Over 800,000 individuals are missing their regular paychecks as a result of the most recent government shutdown. If you are impacted or know someone who is, please read or watch my video as I offer four steps every impacted employee can follow to survive a financial interruption.
40% of Americans can’t cover a $400 emergency expense
The truth is, the vast majority of Americans simply can’t survive financially over an extended period of time without receiving their regular paychecks. A recent study showed 4 out of 10 adults couldn’t cover an unexpected $400 expense without selling something or borrowing money.
As we wait patiently for Congress to pass legislation to resolve this, here are four steps to survive the government shutdown:
1. Review All Expenses. This is the FIRST and most important step to get a handle of your situation. Make a list of all upcoming expenses and include the amount due and due date. This list should include EVERYTHING, including your subscription services like NetFlix, Apple Music and Hello Fresh.
2. Prioritize Your Expenses. With your completed list in hand, it’s time to prioritize needs over wants. Decide which nonessential expenses can be canceled, temporarily suspended or skipped. This step may be very uncomfortable and will require you to say “no” to activities like your child’s private baseball coaching sessions or that spa day with your girls that’s been on the books since last year. Since we don’t know how long the shutdown will last, this is a necessary exercise.
As you prioritize, CALL and TALK to your lenders or creditors to see if there is anything you can do or any assistance they are willing to provide regarding your upcoming expenses. Contact your landlord, utility companies, credit card companies, and other lenders where a payment is due. Explain your situation and ask for a payment plan or late fee waiver.
The good news is there are several companies already stepping up to help make things a little easier. For example, T-Mobile and Verizon have offered federal employees payment options during the shutdown and many banks are offering federal employees refunds on overdraft fees. But don’t assume these companies will just offer assistance. You’ll need to proactively ask for assistance and hopefully get the lifeline you need.
3. Make A Plan to Pay Your Expenses. Once your checking account runs dry, what’s your next source of funding? This is why everyone needs an emergency fund. If you haven’t been saving regularly, or if your emergency fund is running low, it’s time to get creative with how you will cover your expenses. Consider these options:
- CD (certificate of deposit) – check with your bank to see if they will waive any early withdrawal penalties. Ally Bank is offering this courtesy to their customers, so definitely ASK.
- Credit cards – If you have to rely on credit cards during this time, know the interest rates being charged. If the interest rate is really high, call and ask for a lower interest rate for purchases made during this time. And avoid taking out cash advances since they always have much higher interest rates.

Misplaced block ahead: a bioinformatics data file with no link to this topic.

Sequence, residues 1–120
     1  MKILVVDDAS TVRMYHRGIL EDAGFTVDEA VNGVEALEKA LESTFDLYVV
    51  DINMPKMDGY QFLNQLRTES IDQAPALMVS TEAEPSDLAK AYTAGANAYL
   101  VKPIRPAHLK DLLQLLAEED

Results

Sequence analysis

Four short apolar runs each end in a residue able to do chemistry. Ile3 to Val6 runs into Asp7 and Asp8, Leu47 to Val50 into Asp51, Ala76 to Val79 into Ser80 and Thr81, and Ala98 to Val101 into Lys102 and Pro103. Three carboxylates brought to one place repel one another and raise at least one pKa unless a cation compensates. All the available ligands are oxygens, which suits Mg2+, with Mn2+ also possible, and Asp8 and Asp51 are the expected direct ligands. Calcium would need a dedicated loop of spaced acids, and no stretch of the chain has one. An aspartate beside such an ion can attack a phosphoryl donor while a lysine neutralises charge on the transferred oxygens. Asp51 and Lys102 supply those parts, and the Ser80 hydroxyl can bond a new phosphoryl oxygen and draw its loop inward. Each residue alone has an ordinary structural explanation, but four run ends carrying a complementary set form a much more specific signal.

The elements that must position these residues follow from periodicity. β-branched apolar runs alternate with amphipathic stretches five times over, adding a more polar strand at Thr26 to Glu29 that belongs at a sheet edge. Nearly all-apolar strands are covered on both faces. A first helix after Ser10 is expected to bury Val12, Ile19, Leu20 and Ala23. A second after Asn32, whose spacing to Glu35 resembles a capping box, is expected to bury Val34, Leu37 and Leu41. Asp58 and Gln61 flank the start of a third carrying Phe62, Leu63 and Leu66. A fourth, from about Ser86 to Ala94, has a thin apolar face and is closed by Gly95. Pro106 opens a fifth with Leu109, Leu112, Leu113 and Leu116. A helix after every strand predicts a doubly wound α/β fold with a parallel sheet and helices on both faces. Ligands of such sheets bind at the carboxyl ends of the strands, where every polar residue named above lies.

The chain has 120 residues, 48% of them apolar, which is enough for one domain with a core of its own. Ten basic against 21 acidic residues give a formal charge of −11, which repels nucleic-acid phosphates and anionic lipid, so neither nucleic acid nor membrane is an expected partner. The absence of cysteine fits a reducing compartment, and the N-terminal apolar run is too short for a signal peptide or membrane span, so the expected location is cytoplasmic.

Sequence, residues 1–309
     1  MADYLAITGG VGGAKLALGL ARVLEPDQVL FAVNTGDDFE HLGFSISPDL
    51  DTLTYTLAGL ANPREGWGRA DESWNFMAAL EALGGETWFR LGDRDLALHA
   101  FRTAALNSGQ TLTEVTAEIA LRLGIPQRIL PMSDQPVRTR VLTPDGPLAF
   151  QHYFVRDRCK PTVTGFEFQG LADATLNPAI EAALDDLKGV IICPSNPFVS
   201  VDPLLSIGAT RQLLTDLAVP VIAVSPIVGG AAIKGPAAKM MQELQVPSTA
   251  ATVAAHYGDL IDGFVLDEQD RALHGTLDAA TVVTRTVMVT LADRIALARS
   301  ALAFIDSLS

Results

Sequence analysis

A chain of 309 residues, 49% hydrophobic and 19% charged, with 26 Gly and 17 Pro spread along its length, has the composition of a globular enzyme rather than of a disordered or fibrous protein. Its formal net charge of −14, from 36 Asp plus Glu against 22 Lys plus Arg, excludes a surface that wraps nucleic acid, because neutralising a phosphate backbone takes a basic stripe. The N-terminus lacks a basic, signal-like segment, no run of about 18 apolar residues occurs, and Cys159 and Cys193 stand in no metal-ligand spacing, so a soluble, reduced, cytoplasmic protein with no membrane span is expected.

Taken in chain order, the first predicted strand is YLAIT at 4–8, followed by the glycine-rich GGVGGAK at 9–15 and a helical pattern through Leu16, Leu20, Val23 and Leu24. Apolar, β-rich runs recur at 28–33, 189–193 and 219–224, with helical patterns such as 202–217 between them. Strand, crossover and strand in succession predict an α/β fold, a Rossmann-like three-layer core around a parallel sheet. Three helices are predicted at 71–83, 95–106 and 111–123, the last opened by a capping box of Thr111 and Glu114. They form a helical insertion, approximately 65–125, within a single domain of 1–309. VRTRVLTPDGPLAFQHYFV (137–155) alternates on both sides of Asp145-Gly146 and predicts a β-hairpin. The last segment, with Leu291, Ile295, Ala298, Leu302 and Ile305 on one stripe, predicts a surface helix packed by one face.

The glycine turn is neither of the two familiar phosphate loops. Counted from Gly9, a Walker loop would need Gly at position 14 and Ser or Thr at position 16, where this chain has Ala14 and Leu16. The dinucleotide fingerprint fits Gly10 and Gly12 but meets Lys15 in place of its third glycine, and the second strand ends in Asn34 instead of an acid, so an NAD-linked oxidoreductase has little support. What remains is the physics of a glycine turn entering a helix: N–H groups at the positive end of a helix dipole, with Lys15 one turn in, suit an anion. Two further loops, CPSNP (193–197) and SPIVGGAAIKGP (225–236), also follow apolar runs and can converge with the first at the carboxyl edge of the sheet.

- Personal or Other Loans – When it comes to loans, check with your local credit union. They typically have lower rates than most financial institutions. Some credit unions may offer personal loans to government employees at 0% interest over a specific period of time.
Relying on credit cards or other loans can be dangerous ground, so tread carefully with this option.
As you consider all your options, avoid expensive payday loans, as well as making early withdrawals from retirement accounts. Yes, these can give you access to cash quickly, but it may come with expensive and long-term costs. If you have into tap your retirement accounts early, do it with your eyes wide open, and make sure you understand the consequences and risks of borrowing from your retirement accounts
4. Look for Quick Ways to Make Extra Cash. Consider these options:
- Use your talents or make money from an existing hobby – I’ve seen a few promising stories on social media, of people creatively using their talents and gifts to make some extra cash. For example, two sisters from Maryland, both furloughed employees, have started a cheesecake business to make ends meet. Beyond Uber and Lyft, take a closer look at sites like Roadie, Task Rabbit, Upwork, and Rover to see if any would be a good fit.
- Declutter and Sell Some Items – Take an inventory of all the stuff we accumulate in our closets and basements and begin to sell the things you no longer need, but would be valuable to someone else. Post your items on Facebook Marketplace, Craiglist, or cool apps like Poshmark that make it really easy to snap a picture, post a good description and start bringing in some cash.
While these opportunities won’t make you rich, every bit helps during times of uncertainty. And since we don’t know how long this partial shutdown will last, it’s important to stay positive, be productive and focus on the things you can control.
I hope you found this information helpful. If you did, definitely share it with your friends, family and colleagues who may also be impacted.
I Want to Hear From You. What financial decisions have you made as a result of the partial government shutdown?